The baby logic of C. S. Lewis: Jesus was either mad, bad, or God

The baby logic of C. S. Lewis: Jesus was either mad, bad, or God

A popular way of thinking about God among evangelical Christians is C. S. Lewis’ forced choice strategy: Jesus was either mad, bad, or God (pp 52-53). Chuck Colson, Nixon’s hatchet man, was sentenced for obstruction of justice. He spent seven months in prison, and there become an enthusiastic evangelical Christian.  It was this choice between mad, bad, or God, he said, that convinced him to become a Christian (Silliman, p 120). 

What does Lewis mean?

A man who was merely a man and said the sort of things Jesus said would not be a great moral teacher. He would either be a lunatic—on a level with the man who says he is a poached egg—or else he would be the Devil of Hell. You must make your choice. Either this man was, and is, the Son of God: or else a madman or something worse . . . . But let us not come with any patronising nonsense about His being a great human teacher. He has not left that open to us. He did not intend to. (Lewis, p 52)

Right away the equation of madness with thinking you’re a poached egg, while amusing, biases the question. It assumes that there is only one degree and type of madness, total bonkers, and that madness today looks like madness then. What if Jesus was neither mad, nor bad, nor God? Why are these the only three choices? What if Jesus were mad in a way that was a socially recognized, even acceptable, form of deviance?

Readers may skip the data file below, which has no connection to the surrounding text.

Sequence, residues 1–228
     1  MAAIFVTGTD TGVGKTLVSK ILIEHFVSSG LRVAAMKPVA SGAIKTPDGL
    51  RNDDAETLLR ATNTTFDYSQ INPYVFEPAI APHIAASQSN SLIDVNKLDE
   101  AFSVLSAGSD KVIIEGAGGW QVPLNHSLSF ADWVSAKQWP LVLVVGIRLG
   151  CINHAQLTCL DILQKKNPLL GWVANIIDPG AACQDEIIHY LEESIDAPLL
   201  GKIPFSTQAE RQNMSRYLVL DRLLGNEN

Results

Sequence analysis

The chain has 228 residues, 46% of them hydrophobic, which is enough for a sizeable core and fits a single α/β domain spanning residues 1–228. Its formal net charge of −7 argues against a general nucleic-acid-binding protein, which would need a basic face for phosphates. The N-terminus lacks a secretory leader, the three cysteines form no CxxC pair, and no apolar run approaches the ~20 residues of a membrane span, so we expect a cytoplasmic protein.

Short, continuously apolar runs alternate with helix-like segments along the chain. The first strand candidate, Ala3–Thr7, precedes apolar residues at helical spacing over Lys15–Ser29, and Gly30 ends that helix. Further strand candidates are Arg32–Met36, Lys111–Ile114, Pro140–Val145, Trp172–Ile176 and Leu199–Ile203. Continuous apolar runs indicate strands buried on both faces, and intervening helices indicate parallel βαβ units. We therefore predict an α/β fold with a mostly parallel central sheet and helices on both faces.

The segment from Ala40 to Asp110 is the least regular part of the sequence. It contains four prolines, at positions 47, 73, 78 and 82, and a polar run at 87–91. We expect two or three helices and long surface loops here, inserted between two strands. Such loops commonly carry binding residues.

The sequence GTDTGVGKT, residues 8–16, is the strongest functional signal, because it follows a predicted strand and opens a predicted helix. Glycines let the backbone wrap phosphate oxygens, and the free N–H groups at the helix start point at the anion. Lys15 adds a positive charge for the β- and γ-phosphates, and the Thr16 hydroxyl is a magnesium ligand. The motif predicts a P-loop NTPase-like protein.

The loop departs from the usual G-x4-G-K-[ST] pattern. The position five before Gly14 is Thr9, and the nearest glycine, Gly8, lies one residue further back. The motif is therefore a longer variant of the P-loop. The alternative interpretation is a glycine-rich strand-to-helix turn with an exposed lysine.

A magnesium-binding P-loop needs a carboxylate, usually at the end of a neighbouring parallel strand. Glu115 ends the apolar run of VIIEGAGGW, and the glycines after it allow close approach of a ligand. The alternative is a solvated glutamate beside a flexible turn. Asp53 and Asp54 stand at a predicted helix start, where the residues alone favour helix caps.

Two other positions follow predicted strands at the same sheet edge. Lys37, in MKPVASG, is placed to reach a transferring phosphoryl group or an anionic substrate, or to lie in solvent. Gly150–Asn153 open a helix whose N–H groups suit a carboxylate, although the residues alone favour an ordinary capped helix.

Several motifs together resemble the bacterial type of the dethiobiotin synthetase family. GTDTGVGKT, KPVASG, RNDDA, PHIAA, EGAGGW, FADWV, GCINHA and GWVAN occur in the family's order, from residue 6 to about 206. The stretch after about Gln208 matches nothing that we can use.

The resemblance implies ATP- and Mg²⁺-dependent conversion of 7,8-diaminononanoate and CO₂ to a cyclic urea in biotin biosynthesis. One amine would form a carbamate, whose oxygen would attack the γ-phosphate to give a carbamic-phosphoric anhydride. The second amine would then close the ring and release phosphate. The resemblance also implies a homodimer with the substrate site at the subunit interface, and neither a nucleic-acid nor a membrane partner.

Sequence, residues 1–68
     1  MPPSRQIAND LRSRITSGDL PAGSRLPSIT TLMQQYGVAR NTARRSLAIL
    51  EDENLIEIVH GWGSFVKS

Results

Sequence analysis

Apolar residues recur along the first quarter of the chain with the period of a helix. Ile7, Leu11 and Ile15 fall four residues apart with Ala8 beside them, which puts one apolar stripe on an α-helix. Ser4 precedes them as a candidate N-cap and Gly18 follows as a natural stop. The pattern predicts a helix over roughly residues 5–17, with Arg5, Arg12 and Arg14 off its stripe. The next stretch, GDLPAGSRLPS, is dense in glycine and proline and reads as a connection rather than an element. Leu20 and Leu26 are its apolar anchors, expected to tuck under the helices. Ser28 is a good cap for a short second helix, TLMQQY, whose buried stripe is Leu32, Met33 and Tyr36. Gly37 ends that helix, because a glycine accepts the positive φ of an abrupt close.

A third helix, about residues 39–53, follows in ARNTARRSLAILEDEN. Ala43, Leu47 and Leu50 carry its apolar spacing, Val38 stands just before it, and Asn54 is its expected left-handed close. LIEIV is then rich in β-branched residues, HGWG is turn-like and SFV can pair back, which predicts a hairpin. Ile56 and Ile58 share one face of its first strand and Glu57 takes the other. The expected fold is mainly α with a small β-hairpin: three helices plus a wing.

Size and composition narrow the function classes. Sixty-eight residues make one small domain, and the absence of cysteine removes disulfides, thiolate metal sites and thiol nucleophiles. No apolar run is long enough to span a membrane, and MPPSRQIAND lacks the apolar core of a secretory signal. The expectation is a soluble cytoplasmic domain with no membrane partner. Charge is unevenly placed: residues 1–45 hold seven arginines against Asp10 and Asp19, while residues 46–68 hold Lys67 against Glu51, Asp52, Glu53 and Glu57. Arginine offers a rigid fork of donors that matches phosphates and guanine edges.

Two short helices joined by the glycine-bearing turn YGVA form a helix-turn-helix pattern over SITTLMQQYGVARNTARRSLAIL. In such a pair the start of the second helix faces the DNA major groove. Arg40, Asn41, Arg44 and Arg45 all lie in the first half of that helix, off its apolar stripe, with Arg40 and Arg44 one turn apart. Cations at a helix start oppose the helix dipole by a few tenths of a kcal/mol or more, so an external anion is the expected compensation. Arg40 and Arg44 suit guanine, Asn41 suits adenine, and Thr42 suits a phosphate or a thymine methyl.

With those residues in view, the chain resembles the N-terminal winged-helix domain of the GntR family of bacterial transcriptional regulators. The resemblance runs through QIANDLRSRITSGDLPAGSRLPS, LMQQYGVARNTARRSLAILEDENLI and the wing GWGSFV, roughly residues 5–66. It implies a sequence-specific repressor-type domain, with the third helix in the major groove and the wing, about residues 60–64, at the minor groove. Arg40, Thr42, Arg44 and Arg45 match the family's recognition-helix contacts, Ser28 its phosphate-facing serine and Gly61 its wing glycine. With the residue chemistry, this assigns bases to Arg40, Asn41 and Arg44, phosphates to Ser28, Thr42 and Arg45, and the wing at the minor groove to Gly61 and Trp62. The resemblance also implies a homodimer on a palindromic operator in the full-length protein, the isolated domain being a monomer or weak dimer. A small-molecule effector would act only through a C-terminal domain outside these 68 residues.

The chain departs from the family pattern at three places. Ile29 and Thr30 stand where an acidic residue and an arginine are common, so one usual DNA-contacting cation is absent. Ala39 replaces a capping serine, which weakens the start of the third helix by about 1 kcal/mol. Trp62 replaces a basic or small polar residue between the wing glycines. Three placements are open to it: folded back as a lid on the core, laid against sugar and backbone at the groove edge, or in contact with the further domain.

The Dead Sea Scrolls

Around the time of Jesus, there were a number of men running around Judea and the Galilee claiming to be the Messiah predicted in Jewish scripture. After the Dead Sea Scrolls were finally published (in the late 1980s), Israel Knohl wrote The Messiah Before Jesus: The Suffering Servant of the Dead Sea Scrolls.  There he refers to the “son of God” text, one who would be “great over the earth.”

These are exactly the terms in which the archangel Gabriel described Jesus in the annunciation to Mary (loc 789-790).

He would be “the son of God and son of the Most High.” (loc 793-794)